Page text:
July 29, 2013
Matt Harvey's First Year, Historically Speaking
On Friday night, Matt Harvey held the Nationals to one unearned run over eight innings, walking one and striking out seven to lower his ERA to 2.11. That outing closed the book on his first calendar year in the majors; the previous July 26th, Harvey had debuted against the Diamondbacks, holding them scoreless for 5 1/3 and fanning 11. There’s no particular reason to draw a line after a pitcher’s first calendar year—it’s not a completely arbitrary endpoint, but it’s close—but compartmentalizing helps us humans make sense of things. So with Matt Harvey mania in full swing, the one-year mark seems like as good a time as any to see how Harvey stacks up historically, and what that might mean.
This is a list of the best first calendar years for pitchers since 1950, sorted by PWARP. That’s just the pitching component of WARP, so Harvey doesn’t get credit for the extra half win or so he earned by going 6-for-18 at the plate last season. (He’s 5-for-48 this year.) Debut year age is seasonal age, or age as of July 1 of each player's rookie season. Fair RA is a measure of pitching quality scaled to run average, not ERA, and considers sequencing, base-out state, batted-ball distribution, and team defense. Fair RA+ is Fair RA relative to the league; 100 is league average, so the higher the number, the better. Each pitcher’s career PWARP is included on the right.
Harvey just barely cracks the top 10; before last night, he might have been behind Barry Zito (4.06). If you’re surprised that Harvey doesn’t rank higher, remember that most of the pitchers on this list debuted in dramatically different eras for pitcher usage, so all but two pitched more innings in their first season than Harvey. Consider also that Harvey plays in a pitcher’s park, and that he’s faced weak opponents—this season alone, he’s faced the Marlins three times, the Nationals three times, the White Sox once, etc. Of the 95 starters with at least 100 innings pitched this season, Harvey’s opponent OPS—the average OPS of all of the hitters who’ve faced him, a proxy for opponent quality—ranks dead last, at .725.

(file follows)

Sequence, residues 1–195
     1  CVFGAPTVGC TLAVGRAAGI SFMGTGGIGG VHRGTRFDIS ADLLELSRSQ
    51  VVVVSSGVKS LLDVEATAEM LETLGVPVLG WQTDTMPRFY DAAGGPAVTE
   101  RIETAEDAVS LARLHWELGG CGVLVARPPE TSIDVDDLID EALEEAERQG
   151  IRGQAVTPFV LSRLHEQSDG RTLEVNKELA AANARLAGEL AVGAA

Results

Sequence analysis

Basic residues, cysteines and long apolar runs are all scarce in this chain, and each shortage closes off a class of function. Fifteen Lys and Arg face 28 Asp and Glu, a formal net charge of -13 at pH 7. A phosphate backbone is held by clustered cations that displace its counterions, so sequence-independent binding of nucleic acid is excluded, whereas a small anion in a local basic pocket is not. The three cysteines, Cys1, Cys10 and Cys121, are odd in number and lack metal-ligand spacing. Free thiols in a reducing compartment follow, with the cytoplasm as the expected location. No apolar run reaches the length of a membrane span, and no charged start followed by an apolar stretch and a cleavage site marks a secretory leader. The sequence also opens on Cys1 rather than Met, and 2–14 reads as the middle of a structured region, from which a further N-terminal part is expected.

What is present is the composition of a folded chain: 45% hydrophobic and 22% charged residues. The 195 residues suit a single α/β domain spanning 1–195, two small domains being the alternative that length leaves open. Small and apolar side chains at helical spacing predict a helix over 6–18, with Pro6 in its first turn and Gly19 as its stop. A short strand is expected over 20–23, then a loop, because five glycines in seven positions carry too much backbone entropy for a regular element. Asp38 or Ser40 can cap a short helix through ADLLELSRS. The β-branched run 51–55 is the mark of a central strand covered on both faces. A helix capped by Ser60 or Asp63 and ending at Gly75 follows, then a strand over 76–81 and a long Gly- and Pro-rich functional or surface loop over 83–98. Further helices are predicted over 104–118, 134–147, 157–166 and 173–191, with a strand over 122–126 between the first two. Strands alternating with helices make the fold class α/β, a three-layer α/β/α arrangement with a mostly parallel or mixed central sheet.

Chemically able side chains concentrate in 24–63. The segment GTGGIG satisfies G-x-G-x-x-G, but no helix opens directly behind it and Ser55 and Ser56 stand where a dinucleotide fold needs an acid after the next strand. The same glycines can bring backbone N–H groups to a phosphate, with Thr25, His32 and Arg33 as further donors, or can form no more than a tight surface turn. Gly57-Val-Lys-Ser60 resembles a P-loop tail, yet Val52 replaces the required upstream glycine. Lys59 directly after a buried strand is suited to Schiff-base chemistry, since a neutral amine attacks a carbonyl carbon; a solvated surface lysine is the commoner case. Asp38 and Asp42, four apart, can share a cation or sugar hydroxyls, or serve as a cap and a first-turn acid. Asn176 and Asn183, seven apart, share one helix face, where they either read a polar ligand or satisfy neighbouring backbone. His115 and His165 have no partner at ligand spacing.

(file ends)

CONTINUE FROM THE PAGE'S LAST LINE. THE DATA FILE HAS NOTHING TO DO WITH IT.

(This is probably the point where, to peacefully disperse the growing mob of pitchfork-wielding Mets fans, I’m supposed to say “That doesn’t make Harvey’s first year any less special,” or “That’s not to take anything away from Harvey.” But…well, it does discount his achievements, slightly. He’s been incredible, especially relative to what we thought he would be. Just slightly less incredible than he seems if you don’t take his park or opponents into account.)
All in all, it’s sort of a sobering list, one that features plenty of great pitchers but no Hall of Famers, and a few guys who flamed out fairly quickly. The first Hall of Famer, Roger Clemens, shows up at no. 14 (3.93 in 184 innings); Bert Blyleven comes in at no. 18 (3.73, in 266.7 innings), and Don Sutton checks in at no. 21 (3.69, 225.7). Sprinkled between and around them are the sort of fast-burning phenoms who appeared to be on Cooperstown trajectories before things fell apart: Rick Ankiel, Dontrelle Willis, Fernando Valenzuela. On average, the non-Harvey top 10 amassed 24.9 career PWARP, or 19.7 following their first calendar year.
Score debuted at a time when the league struck out 4.4 batters per nine, and his strikeout rate as a rookie wouldn’t look out of place among those of today’s league leaders. In 1957, his third year in the majors, Score was struck by a line drive off the bat of Gil McDougald (and may also have injured his arm), and was never as effective thereafter. Gooden was a bigger sensation for the Mets than Harvey has been, but he got into drugs and his body broke down. Montefusco and Nolan had arm injuries. Prior had (and still has) every injury. The mesmerizing effect of Nomo’s unorthodox windup wore off. Valenzuela was worked hard and wore down, and Ankiel and Willis lost their feel for the strike zone. The stories of what happened to these precocious pitchers in year two and beyond are all different, but a lot of them end with “…and he was never the same after that.”
So the last sixty-plus years have seen quite a few early careers as impressive as Harvey’s, at least in a statistical sense. We know Harvey has the repertoire to sustain his success, so the question is how long he’ll hold on to his stuff. Advances in training techniques, nutrition, and medical care, plus a more enlightened attitude toward pitcher usage, make it less likely that he’ll suffer the same fate as some of the less fortunate fast starters, but it’s far from certain that he has a long list of accolades ahead of him. We often point out that pitching prospects are unpredictable, but to a lesser degree, the same can be said of phenoms who’ve already experienced some serious big-league success. Here’s hoping that Harvey is one of the lucky ones.
Thanks to Rob McQuown for research assistance.